10 Books You Didn’t Read in High School but Should Have

10 Books You Didn’t Read in High School but Should Have iStock

High school is a time when you are finding out more about yourself, where your tastes run, and where your passions lie. Books can be a huge aid in helping you in your formative years, which is why high schoolers are given a list of books to read.

But chances are, you didn’t read those books. You were too busy doing other, more important things, right? Sadly, those books contain a lot of value, so it may be worth going back and reading them now.

Here are 10 books you should have read in high school:

#1 The Grapes of Wrath by John Steinbeck

It may be a tough, depressing book to read, but it’s one of the most brutally honest stories about family, sticking it out during the tough times, and pursuing a better future no matter what obstacles stand in your way.

#2 The Great Gatsby by F. Scott Fitzgerald

This book takes a look at the obsessions that have dominated the world for centuries: money, love, and social status. It’s a cautionary tale that will help you realize which of your tendencies are really self-destructive.

#3 1984 by George Orwell

This book was written far ahead of its time, but it has come true in more ways than you might expect! It’s a look at how people can be subtly manipulated and controlled, often because they are willing to give up their freedoms without knowing it.

#4 The Sun Also Rises by Ernest Hemingway

Hemingway is one of the greatest writers of the modern era, and his work is deep, rich, and fraught with lessons that teach you the truth of life from an angle you would never have thought to look. The Sun Also Rises is viewed as his greatest novel and is based on his own trip to Spain. It is a tale of love, loss, lust, adventure and heartbreak. But as mentioned before it is not fantasy and people can learn real lessons from this book. A must read for any back packers.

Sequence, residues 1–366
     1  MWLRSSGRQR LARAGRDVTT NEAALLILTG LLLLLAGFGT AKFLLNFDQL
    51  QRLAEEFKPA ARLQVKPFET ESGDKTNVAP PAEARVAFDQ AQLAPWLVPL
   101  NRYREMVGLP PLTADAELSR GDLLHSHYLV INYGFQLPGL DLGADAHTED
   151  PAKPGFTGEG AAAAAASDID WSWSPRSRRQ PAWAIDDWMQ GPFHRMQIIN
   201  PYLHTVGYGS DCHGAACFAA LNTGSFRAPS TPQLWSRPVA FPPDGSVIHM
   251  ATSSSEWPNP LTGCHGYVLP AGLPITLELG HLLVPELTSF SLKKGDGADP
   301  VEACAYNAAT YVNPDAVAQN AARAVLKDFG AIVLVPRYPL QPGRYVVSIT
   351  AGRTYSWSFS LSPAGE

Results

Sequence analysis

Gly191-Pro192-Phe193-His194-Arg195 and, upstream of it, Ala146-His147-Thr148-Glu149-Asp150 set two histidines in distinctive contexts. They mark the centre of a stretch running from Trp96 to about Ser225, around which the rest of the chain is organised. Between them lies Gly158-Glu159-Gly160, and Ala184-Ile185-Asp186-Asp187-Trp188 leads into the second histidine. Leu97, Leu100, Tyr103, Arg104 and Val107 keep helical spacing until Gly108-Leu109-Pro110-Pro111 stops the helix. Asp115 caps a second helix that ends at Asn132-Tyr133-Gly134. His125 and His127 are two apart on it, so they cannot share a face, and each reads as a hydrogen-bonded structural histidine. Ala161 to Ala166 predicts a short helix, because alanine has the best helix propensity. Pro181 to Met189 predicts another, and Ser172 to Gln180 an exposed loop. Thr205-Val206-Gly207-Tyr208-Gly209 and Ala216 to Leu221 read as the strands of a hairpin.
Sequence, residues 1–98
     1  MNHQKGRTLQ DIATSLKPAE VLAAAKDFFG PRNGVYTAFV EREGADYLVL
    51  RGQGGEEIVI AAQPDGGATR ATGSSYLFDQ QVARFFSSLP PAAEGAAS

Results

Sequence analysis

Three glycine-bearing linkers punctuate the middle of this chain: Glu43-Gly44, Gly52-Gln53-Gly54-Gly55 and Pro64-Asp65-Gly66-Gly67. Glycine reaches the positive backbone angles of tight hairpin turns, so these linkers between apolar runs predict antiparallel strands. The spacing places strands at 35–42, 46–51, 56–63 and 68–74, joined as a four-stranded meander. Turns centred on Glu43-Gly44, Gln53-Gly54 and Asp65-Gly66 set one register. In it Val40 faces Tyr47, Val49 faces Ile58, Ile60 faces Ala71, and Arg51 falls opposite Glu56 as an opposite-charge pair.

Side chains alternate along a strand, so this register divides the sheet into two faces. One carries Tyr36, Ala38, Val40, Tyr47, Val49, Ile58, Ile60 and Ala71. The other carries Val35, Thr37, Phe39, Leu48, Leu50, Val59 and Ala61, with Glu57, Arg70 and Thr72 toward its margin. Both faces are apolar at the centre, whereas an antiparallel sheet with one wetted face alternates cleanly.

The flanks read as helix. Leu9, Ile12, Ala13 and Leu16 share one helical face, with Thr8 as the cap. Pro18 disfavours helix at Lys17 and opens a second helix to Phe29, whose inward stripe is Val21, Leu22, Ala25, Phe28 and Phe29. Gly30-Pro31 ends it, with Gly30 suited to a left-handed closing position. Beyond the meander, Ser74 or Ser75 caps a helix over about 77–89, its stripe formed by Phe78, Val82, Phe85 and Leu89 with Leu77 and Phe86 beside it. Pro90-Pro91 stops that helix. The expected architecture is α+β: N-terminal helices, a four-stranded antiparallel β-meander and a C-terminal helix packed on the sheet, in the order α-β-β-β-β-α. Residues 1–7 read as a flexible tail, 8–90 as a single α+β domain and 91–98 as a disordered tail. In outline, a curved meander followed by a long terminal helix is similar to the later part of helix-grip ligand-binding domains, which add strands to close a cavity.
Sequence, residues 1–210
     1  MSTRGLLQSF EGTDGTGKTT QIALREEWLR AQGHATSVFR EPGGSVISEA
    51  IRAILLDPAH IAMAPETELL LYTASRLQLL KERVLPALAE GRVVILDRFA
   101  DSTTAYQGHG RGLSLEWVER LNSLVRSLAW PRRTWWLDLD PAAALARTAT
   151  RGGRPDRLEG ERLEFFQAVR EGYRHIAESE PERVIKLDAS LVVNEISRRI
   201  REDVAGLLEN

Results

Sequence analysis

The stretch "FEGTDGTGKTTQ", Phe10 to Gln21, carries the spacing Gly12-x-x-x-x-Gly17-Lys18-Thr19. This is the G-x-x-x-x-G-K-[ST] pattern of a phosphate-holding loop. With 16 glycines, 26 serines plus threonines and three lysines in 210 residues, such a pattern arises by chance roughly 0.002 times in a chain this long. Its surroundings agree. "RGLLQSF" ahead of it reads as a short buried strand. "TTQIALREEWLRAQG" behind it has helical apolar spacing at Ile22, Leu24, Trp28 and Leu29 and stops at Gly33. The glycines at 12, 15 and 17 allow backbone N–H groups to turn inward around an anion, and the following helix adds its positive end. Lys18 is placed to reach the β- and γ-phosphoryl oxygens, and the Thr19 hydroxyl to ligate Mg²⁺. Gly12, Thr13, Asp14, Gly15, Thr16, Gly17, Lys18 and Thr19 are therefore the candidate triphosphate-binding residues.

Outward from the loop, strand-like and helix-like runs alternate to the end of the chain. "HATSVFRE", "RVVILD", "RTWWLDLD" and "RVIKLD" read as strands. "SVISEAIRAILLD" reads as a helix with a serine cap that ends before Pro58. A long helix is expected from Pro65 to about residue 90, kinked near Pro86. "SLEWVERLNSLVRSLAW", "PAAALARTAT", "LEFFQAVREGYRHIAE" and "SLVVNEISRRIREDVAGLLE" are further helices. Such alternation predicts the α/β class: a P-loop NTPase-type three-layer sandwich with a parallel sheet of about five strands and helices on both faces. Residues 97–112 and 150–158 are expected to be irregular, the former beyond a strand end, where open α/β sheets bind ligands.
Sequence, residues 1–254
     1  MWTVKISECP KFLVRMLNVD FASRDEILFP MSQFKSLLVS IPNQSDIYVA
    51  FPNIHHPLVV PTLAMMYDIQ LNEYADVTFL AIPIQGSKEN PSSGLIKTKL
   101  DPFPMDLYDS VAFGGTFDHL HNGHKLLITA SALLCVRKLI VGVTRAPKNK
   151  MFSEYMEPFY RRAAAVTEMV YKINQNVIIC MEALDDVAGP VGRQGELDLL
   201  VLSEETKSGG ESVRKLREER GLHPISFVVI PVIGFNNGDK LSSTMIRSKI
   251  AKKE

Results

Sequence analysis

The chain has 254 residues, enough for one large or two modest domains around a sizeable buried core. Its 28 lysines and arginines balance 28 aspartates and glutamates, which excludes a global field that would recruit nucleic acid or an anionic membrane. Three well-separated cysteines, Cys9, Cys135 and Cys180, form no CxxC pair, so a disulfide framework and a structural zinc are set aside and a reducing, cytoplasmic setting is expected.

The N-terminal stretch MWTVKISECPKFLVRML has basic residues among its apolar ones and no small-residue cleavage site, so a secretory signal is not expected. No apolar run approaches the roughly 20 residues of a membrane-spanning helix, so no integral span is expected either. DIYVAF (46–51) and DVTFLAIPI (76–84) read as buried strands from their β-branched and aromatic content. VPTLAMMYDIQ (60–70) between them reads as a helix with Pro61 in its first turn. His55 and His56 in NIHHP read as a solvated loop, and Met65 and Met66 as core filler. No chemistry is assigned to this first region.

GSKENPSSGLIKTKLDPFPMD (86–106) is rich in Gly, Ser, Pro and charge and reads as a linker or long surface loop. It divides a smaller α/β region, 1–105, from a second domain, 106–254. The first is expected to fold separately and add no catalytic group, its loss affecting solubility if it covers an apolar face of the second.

#5 Beloved by Toni Morrison

This is the story of a former slave haunted by the ghost of her child, who was never given a name but is simply called "Beloved". It is a disturbing, graphic novel that gets into the nitty gritty of life in the era of slavery, but it’s a must-read for any history lovers.

#6 Brave New World by Aldous Huxley

This is one of those books that are guaranteed to spark discussion, which is one reason it’s recommended in high school. It poses a number of philosophical questions that force you think and reason for yourself, and it’s definitely worth the read.

#7 The Adventures of Huckleberry Finn by Mark Twain

Mark Twain didn’t just write fascinating stories, but each one of his books contained hidden truths and parallels that can only be found by those searching for them. It’s about so much more than just the characters; it’s a study of human nature in many forms.

#8 To Kill a Mockingbird by Harper Lee

An 8-year old narrates this story, set in a small Alabama town during the Great Depression, telling of an African American man accused of violating a Caucasian woman. It’s a book that forces you to look at your morals and principles, making you realize that not everything is as it seems.

#9 Fahrenheit 451

This book is slow and hard to get through, but it takes a good hard look at humanity. There is no government telling the people to burn books in the story, but it is their own nature that compels them. It forces you to examine your happiness in your current state.

#10 Animal Farm by George Orwell

If ever there was a book to examine politics and humanity in an entertaining way, this would be it! The story uses animals on a farm to delve into the mentality behind revolutions, governments, and every area of life.

Definitely worth getting your hands on these ten books and reading them!

Are we missing any books that may have changed your life? Leave us a message and let us know…